🌊 A qualitative change took place in Hong Kong in 2019. Earlier from the beginning of the year, Hong Kong people took to the streets many times to protest against the extradition bill. It led to constantly reinforced police. Hence, protesters staged a shape-shifting guerilla game by responding to the call “Be water”, the famous saying of the late martial arts star Bruce Lee. They were not confined to any specific form, so they gathered anywhere anytime and then dispersed after the campaign.

🇭🇰 The approach adopted by the Hong Kong demonstrators this time disrupted the rules of the past social movements— organizers and fixed places were a must. Instead, every participant could be an organizer and everyone could make a decision. Individuals were willing to share what they were about to do and connect with other participants to quickly spread the information to thousands of and even tens of thousands of organizers elsewhere.

🚸 Besides the movement philosophy, improved information communication technology played a pivotal role in sustaining the movement that was “just like the flow of water”. Back in 2014, the technology of public live streaming just began budding. As a result, campaigners usually had to use pictures and texts only and might not always have the experience of “co-presence”. This time, Hong Kong people took collective action by relying on the “co-presence” atmosphere created in the “Be water” movement, just as Castells said, “…individual actors to build their autonomy with likeminded people in the networks of their choice.”

🔊 The major part of this book seems to focus on the connotations of social movements, but in fact, Castells aims at the shared dream that is urgently essential for today’s world through these social movements— a new form of political deliberation, voice, and decision making. After the 318 Movement and the protest against the extradition bill in Hong Kong, the local election in both Taiwan and Hong Kong witnessed big shifts. In 2014, Taiwan even incorporated the spirit of open government into its administrative policy and regarded the requirements of these occupants and their supporters as its new direction and new strength.

🙋 This move established more direct channels of communication between the Taiwan government and citizens. For example, the National Development Council introduced Join, a public policy participation platform, in 2015 and designed a proposal section to invite citizens to submit their proposals. Related government departments must respond as long as there’s a joint signature of 5,000 people. So far, the number of visitors has exceeded 10.6 million, almost half of Taiwan’s population.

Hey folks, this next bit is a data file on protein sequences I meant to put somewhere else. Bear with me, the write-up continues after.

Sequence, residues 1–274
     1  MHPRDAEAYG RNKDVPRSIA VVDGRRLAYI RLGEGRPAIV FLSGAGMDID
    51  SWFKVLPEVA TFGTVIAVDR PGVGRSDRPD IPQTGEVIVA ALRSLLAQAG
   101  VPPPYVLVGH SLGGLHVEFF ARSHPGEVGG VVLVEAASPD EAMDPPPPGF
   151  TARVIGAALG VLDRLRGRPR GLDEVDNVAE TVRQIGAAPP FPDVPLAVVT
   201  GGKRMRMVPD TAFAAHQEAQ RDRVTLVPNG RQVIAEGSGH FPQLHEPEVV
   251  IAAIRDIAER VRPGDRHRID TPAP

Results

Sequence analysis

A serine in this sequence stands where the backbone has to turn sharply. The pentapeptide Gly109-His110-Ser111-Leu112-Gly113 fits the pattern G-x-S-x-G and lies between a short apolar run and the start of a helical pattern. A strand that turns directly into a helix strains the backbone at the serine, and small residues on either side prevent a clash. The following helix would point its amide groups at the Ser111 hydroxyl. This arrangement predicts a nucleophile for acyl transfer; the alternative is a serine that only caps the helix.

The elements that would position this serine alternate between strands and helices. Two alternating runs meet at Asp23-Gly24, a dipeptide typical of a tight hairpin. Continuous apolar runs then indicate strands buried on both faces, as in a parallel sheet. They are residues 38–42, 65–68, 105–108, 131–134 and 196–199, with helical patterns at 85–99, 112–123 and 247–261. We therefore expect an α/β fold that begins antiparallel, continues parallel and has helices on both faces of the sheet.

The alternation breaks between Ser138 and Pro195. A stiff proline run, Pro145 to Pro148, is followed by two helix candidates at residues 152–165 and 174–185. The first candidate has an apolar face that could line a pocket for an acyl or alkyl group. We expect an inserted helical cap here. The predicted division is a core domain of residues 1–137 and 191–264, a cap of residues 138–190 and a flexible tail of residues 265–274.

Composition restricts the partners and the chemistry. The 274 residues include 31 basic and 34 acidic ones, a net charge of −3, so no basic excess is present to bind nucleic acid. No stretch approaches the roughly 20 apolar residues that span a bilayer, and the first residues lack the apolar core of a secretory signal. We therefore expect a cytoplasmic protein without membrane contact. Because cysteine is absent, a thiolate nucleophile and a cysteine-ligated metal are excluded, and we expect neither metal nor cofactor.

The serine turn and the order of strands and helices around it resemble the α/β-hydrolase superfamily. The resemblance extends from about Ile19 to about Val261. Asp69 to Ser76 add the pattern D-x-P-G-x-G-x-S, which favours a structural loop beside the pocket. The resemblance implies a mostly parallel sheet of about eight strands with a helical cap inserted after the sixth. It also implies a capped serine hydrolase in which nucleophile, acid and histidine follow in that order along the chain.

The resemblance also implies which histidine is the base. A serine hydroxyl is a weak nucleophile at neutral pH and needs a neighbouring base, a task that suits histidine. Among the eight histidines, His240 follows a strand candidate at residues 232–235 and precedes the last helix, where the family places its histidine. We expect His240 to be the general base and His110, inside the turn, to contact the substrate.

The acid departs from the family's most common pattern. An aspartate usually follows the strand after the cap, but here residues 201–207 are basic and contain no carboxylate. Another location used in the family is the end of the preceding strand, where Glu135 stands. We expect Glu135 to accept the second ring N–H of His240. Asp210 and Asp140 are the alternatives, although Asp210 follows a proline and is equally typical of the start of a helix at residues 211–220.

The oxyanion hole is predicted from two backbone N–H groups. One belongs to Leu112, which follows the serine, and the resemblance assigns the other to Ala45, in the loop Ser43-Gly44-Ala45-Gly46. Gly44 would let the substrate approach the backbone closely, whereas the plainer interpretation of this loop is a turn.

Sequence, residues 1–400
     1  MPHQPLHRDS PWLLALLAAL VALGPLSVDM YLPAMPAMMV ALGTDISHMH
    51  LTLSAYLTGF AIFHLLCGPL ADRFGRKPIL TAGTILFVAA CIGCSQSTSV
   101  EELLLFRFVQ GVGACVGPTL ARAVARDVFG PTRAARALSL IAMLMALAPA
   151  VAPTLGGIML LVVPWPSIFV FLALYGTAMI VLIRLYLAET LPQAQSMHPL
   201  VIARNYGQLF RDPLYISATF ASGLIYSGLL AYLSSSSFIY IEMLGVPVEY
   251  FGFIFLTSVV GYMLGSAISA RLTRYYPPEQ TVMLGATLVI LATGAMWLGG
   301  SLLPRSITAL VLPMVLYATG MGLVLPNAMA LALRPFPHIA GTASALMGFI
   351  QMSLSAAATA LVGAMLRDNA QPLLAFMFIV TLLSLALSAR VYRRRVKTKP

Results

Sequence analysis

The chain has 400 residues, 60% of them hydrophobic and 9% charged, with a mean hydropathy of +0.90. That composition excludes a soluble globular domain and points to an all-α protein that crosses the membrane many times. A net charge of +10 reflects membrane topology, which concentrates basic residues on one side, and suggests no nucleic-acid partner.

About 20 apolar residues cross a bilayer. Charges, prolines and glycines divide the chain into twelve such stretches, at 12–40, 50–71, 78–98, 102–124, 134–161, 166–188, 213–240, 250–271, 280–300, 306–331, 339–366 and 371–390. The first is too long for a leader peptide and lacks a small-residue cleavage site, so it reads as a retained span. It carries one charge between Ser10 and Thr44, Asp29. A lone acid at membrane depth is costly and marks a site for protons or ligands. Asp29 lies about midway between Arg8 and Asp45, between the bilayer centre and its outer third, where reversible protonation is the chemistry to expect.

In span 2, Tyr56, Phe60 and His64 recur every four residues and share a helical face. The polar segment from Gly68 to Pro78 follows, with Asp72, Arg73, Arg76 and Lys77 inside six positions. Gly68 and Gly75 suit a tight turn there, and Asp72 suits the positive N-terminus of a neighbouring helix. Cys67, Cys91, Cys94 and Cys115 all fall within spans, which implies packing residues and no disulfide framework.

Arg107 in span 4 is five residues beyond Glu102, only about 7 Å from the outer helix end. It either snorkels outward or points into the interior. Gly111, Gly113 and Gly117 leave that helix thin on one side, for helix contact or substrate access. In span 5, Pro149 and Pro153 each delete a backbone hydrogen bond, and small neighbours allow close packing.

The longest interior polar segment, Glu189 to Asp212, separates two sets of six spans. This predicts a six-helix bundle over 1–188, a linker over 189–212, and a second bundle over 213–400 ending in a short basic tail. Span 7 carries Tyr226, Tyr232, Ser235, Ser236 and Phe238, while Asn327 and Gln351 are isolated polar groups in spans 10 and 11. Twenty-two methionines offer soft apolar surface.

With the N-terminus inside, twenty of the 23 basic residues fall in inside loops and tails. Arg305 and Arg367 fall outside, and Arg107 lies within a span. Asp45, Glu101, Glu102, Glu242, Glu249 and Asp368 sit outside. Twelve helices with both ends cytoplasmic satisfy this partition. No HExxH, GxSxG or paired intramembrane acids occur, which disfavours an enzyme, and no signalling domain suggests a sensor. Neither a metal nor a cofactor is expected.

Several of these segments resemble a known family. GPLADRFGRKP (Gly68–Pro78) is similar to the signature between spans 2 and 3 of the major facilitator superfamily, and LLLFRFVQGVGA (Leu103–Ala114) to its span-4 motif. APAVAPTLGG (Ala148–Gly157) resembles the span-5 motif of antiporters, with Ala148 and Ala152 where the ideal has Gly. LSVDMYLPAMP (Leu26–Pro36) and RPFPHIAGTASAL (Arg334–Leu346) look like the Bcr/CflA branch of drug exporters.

🗺️ In February 2020, Taiwan implemented a quota policy for facial mask purchases due to the coronavirus pandemic. The National Health Insurance Administration, Ministry of Health and Welfare, collaborated with g0v to develop an open data application within as short as 72 hours. With diversified functions such as map visualization, chatting robots, and voice assistants, it enabled those in need to stay on top of the purchase places and the supply and demand information.

🗽 Today, including public opinions in policies and cooperating with social groups have become the daily routine and culture of the Taiwan government. The highly developed network environment of Taiwan has facilitated these new democratic experiments. But more importantly, since the 318 Movement, people have realized that they can meet tens of thousands of congenial friends via the Internet, then listen to each other, make concerted efforts, and finally take collective action to make a difference.

🎁 “The legacy of networked social movements will have been to raise the possibility of re-learning how to live together. In real democracy.” This is the last sentence of the book that undoubtedly serves as Castell’s best warning for the world: whenever a social movement ends, it represents the true beginning. Only when we have the courage to explore the unknown and connect with each other can we work together to rebuild democracy and let the future come because of us.